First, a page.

Biden Shifts U.S. Troops In Europe To Shore Up Defense Of Nations Bordering Ukraine

In the wake of the Russian occupation of the Donbas region and sending its forces to Ukrainian separatist regions of Donetsk and Luhansk, President Joe Biden ordered U.S. troops already based in Europe to shore up the defenses of nations bordering Ukraine.?

Biden directed Secretary of Defense Lloyd J. Austin to move forces within the U.S. European Command’s area of operations to the Baltic Republics, Poland and Ukraine’s southeastern flank.?

The forces will move within a week, Defense Department officials said.?

The deployment follows Russia’s renewed invasion of eastern Ukraine and the mobilization of its forces all along the borders of Ukraine.

Russia’s upper house of parliament authorized President Vladimir Putin to send troops into two parts of eastern Ukraine controlled by Russian-backed rebels.

Biden made it clear that his authorization of additional movements of U.S. forces and equipment already stationed in Europe to strengthen Baltic allies is “totally defensive.”

“We have no intention of fighting Russia,” Biden said. “We want to send an unmistakable message though: that the United States together with our allies will defend every inch of NATO territory. And abide by the commitments we made to NATO.” ?

Austin has ordered an infantry battalion task force of about 800 soldiers to deploy from Italy to the Baltic region. He also approved the movement of up to eight F-35 Lightning II aircraft from Germany to operating locations on NATO’s eastern flank.?

Twenty AH-64 Apache attack helicopters will also deploy from Germany to the Baltic region and 12 Apache helicopters will move from Greece to Poland. ?

“These additional personnel are being repositioned to reassure our NATO allies, deter any potential aggression against NATO member states, and train with host-nation forces,” DOD officials said in a written statement. All forces are under the command of Air Force Gen. Tod D. Wolters, the commander of U.S. European Command. ?

Officials said the moves are temporary.??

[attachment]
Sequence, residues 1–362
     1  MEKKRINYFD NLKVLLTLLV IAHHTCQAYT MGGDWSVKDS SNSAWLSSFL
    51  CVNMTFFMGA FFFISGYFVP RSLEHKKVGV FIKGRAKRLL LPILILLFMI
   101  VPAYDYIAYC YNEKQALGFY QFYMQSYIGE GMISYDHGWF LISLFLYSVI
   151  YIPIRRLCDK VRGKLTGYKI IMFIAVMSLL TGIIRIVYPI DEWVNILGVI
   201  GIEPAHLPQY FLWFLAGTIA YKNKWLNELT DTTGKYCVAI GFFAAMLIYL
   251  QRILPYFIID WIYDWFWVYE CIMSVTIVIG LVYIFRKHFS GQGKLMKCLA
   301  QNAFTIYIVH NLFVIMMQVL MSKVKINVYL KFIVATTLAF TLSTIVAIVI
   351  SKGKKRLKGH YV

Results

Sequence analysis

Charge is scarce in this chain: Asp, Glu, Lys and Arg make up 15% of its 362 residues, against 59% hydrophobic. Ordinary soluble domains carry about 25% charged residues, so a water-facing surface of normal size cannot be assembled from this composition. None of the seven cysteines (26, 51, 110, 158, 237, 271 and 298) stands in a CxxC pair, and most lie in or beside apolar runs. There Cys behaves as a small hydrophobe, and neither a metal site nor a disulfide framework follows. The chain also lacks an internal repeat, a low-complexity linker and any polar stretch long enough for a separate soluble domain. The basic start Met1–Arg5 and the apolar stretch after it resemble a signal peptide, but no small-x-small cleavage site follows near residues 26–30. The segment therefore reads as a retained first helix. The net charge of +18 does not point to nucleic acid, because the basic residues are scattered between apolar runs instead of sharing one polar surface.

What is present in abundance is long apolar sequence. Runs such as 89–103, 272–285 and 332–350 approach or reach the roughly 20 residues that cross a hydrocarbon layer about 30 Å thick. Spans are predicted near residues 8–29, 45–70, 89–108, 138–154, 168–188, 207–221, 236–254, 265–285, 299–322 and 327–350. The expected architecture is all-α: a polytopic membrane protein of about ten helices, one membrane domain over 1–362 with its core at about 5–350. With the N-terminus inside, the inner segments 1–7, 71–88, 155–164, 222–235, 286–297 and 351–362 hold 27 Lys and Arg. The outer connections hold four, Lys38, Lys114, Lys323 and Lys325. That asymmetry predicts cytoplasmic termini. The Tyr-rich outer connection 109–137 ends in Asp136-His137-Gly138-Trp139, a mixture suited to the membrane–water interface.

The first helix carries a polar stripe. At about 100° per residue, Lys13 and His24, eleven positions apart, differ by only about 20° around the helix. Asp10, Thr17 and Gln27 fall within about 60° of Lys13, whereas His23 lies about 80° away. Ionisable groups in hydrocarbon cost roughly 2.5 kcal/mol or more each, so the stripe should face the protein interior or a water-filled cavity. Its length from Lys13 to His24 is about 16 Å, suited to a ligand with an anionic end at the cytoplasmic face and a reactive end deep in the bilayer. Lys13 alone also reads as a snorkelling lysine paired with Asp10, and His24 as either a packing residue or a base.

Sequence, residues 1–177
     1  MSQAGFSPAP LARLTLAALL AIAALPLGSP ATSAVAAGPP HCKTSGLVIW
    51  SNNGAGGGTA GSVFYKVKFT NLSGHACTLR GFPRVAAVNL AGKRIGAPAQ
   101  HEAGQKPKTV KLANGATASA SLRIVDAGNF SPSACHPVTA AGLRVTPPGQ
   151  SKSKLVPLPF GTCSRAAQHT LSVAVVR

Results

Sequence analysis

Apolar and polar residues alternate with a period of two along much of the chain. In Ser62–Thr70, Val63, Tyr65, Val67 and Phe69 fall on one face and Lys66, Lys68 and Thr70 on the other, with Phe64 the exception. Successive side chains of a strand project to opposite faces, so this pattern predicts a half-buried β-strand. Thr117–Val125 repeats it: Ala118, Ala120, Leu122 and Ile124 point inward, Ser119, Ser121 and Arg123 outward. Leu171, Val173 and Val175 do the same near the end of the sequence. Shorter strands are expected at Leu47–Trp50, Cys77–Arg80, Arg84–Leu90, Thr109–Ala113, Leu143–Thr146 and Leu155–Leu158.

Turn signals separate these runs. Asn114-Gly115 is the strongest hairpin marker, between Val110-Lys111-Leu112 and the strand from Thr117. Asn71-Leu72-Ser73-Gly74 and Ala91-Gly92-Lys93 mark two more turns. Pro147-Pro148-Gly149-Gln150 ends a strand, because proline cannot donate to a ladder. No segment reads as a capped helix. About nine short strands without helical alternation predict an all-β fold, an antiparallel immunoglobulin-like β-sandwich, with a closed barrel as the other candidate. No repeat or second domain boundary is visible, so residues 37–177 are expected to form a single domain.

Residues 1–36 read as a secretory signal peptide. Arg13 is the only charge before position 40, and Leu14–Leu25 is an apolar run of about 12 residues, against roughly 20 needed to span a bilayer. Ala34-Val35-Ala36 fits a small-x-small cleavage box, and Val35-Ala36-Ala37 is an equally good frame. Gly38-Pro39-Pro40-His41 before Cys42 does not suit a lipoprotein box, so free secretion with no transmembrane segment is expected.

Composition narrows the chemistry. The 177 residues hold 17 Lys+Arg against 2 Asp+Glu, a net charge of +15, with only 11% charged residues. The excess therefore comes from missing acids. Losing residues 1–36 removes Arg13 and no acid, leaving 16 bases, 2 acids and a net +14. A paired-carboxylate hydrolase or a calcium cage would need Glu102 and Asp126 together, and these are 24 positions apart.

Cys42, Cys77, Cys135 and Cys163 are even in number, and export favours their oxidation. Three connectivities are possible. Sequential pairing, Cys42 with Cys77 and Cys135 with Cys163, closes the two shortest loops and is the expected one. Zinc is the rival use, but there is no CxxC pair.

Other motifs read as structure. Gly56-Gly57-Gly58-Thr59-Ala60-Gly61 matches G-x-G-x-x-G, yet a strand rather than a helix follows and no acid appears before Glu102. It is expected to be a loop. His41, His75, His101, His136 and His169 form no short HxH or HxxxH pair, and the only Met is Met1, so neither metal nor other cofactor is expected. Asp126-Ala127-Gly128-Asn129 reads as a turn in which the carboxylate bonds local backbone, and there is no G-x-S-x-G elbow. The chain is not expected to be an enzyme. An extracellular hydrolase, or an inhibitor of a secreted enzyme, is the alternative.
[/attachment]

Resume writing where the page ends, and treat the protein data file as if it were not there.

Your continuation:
These moves are the latest in a series designed to reassure the frontline states. The United States sent 1,000 soldiers from a Stryker squadron from Germany to Romania. An 82nd Airborne Division infantry brigade combat team will be deployed to Poland from Fort Bragg, North Carolina. Company-sized Stryker units will deploy to Hungary and Bulgaria. ?

In addition, Austin ordered 8,500 service members to a heightened state of readiness should NATO activate its Rapid Reaction Force.?

Overall, there are about 90,000 U.S. service members currently based in Europe.?

During a meeting in the Pentagon Tuesday, U.S. Secretary of Defense Lloyd J. Austin told Ukrainian Foreign Minister Dmytro Kuleba that American support for Ukraine’s self-defense, sovereignty and territorial integrity is “unwavering.”

The foreign minister met with Austin as Russia moved forces into the Donbas region of eastern Ukraine. More than 150,000 Russian troops almost surround Ukraine’S borders.

Austin told Kuleba that Russia’s latest invasion not only threatens Ukraine but the peace, security and prosperity of the Trans-Atlantic community.

Russia first moved into Ukraine in 2014, occupying Crimea and fomenting violence in the Donbas region. Since then, the United States has committed more than $2.7 billion in assistance to Ukraine including $650 million in 2021 alone.

The Ukrainian foreign minister said his country is not seeking a war. “We want to find solutions through diplomacy. But if the war is imposed on us by President Putin, we will be defending ourselves and we will be more than grateful for all the assistance that you can provide to us,” he told Austin.

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